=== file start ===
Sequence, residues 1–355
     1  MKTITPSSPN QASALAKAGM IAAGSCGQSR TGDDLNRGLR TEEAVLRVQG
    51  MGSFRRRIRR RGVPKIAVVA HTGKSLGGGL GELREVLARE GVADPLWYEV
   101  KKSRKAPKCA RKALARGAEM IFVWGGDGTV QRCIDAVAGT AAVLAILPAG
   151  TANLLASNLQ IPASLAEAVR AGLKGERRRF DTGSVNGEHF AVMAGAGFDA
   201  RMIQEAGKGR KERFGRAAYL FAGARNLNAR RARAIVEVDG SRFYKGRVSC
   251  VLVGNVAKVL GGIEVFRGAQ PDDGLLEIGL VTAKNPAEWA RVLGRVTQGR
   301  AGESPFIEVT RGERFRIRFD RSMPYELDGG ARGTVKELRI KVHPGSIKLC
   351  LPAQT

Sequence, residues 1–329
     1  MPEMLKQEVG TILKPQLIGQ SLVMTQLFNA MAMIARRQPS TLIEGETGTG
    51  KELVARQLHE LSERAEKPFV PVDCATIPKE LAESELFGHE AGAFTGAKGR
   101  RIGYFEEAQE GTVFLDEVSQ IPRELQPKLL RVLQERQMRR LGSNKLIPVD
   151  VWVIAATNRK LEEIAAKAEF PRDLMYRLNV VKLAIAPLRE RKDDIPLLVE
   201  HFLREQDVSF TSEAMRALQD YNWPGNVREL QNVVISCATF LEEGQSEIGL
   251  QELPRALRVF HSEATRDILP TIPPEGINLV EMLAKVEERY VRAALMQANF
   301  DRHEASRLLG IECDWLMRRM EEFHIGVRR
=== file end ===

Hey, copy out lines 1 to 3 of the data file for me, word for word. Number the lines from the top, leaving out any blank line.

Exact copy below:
Sequence, residues 1–355
     1  MKTITPSSPN QASALAKAGM IAAGSCGQSR TGDDLNRGLR TEEAVLRVQG
    51  MGSFRRRIRR RGVPKIAVVA HTGKSLGGGL GELREVLARE GVADPLWYEV